The architecture of Star Wars

An exploration into the design of one of the most ambitious fictional universes,  inextricably linked to reality, with brutalist inspirations, influenced by “spaghetti westerns” and the involvement of a key figure, Ralph McQuarrie. 

The world of Star Wars does not have a unique architectural style because there is no such thing as a single world in Star Wars. Its vocation is to narrate the broad great part of the galaxy and therefore parallel worlds that differ in creation (the different trilogies) and in location (the various planets, each with its own history, climate and civilisation). It is in all respects the greatest effort cinema has ever made to build its own universe starting from design and not from the plot. It is a vision of a very remote future of cities, suburbs, villages and offshoots of different parts of our world. It is important to keep in mind that not only is our planet the only one we really know, hence our sole inspiration, but also that a film like Star Wars is shot in our world. It is not an animated film nor a film like Avatar (made of virtual sets), but one in which the actors have to be on real sets. Therefore, the locations can only be deserts, forests, cities and all the other places found on planet Earth but that, at times, we do not recognise as such.

The role of Ralph McQuarrie

On this basis, the work done to diversify the planets was, since the beginning, very much linked to architecture, to how the beings who inhabit them have built and organised their social life. Lucas' objective was to give the story its own personality, to differentiate the film from all the others, as he had done successfully in THX 1138 (whose success had been mainly for its design). The result went far beyond his intentions in terms of its ability to influence the actual design of our world and the ability of cinema to create an imaginary world starting from projects that were first and foremost functional, whether for buildings, vehicles or uniforms. And the credit for this goes essentially to Ralph McQuarrie.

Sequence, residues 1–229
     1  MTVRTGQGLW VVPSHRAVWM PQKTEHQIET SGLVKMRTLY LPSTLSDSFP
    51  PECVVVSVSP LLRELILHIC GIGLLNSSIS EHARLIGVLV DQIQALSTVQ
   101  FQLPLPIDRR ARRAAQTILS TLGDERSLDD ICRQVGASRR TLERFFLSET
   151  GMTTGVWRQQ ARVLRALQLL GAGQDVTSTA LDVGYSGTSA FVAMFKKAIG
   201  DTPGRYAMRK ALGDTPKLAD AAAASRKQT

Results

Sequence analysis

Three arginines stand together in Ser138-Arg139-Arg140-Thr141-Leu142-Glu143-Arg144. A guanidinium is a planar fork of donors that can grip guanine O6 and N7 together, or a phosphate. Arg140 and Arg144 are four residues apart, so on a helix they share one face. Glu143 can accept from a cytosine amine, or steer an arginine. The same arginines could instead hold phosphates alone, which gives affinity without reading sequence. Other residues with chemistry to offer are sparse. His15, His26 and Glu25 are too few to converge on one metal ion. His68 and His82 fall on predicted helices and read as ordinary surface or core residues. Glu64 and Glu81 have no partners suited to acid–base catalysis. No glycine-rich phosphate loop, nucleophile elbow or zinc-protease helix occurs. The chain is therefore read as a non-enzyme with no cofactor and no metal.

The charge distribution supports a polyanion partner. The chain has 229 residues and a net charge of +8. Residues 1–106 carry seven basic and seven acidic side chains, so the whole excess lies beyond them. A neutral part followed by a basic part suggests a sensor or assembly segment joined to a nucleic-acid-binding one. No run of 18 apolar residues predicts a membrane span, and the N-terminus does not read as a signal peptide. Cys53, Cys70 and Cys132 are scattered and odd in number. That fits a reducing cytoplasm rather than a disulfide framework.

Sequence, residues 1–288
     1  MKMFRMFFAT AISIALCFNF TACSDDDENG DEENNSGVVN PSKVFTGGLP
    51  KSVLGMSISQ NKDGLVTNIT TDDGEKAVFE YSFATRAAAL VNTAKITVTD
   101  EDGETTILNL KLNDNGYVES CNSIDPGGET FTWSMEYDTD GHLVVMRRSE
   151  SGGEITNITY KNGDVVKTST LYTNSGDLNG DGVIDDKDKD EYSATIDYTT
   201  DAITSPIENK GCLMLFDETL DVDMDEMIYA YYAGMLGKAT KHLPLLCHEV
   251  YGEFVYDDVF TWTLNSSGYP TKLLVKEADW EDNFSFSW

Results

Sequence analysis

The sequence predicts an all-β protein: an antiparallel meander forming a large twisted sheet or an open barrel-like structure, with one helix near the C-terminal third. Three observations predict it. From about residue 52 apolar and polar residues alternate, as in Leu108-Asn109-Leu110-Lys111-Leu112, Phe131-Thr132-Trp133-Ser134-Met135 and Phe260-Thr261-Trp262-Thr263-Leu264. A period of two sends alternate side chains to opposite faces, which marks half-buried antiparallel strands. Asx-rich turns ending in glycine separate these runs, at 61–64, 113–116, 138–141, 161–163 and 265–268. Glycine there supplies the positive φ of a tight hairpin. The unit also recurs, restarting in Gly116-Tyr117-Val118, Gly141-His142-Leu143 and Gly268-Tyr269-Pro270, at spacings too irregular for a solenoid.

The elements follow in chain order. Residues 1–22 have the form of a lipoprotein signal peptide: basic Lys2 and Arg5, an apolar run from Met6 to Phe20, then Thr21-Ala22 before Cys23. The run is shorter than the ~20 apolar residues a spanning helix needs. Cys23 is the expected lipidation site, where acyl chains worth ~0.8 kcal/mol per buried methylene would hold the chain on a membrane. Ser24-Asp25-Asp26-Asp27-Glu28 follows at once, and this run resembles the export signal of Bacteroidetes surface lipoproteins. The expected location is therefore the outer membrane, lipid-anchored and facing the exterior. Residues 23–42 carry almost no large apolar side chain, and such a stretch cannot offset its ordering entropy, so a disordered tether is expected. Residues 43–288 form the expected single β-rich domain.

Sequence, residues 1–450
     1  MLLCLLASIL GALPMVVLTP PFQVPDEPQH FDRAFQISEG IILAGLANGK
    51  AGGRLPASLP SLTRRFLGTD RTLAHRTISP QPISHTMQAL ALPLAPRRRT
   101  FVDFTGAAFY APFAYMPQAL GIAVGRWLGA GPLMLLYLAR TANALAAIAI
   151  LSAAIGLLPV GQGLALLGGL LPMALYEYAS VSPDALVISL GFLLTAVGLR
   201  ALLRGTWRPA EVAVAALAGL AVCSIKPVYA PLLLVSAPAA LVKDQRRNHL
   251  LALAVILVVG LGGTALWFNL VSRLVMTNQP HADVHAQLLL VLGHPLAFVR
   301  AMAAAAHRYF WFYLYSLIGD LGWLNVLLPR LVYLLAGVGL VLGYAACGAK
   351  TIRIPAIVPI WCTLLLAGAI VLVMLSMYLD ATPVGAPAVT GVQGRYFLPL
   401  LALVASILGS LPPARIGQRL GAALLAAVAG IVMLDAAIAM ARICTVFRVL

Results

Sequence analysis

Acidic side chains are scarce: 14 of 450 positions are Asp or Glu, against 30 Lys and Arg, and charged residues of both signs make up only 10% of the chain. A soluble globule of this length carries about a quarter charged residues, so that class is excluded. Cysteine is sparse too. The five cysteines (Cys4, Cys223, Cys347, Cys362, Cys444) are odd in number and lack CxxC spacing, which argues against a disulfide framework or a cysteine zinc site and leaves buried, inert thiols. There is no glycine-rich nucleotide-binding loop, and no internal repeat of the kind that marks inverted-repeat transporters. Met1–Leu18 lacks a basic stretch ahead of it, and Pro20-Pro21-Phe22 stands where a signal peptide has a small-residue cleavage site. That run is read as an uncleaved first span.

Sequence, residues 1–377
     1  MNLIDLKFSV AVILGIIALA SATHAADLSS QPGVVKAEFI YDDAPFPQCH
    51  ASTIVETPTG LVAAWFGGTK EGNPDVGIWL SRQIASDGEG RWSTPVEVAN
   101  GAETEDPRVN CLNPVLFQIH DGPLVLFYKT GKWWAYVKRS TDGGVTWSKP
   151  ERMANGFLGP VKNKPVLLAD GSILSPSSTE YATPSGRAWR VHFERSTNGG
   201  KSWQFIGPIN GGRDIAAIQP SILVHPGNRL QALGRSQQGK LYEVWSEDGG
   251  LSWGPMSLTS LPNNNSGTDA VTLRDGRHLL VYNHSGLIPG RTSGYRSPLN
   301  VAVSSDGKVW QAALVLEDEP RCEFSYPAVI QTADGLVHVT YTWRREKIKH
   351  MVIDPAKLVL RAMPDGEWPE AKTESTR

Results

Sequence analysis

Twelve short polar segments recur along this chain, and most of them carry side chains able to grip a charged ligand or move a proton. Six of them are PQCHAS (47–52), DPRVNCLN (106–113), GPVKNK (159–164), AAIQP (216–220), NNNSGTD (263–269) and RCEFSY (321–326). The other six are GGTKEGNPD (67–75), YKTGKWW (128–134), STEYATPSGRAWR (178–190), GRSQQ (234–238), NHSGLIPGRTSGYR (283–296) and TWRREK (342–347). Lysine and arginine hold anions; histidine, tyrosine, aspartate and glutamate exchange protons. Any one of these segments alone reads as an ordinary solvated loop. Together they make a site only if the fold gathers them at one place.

Star Wars is in fact one of the few cases in the history of cinema that a film was written together with a designer, Ralph McQuarrie to be exact.

Star Wars is in fact one of the few cases in the history of cinema that a film was written together with a designer, Ralph McQuarrie to be exact. Lucas had to convince 20th Century Fox to invest in his idea, and to facilitate the decision he thought of starting with the illustrations instead of the plot (still a work-in-progress), showing them what that world would look like before having a proper story. So McQuarrie entered the scene almost immediately and after Star Wars was approved continued to play a crucial role in shaping that world and influencing the plot. For Lucas, design wasn't just a matter of style but a way of suggesting a wider world than the one in just one film.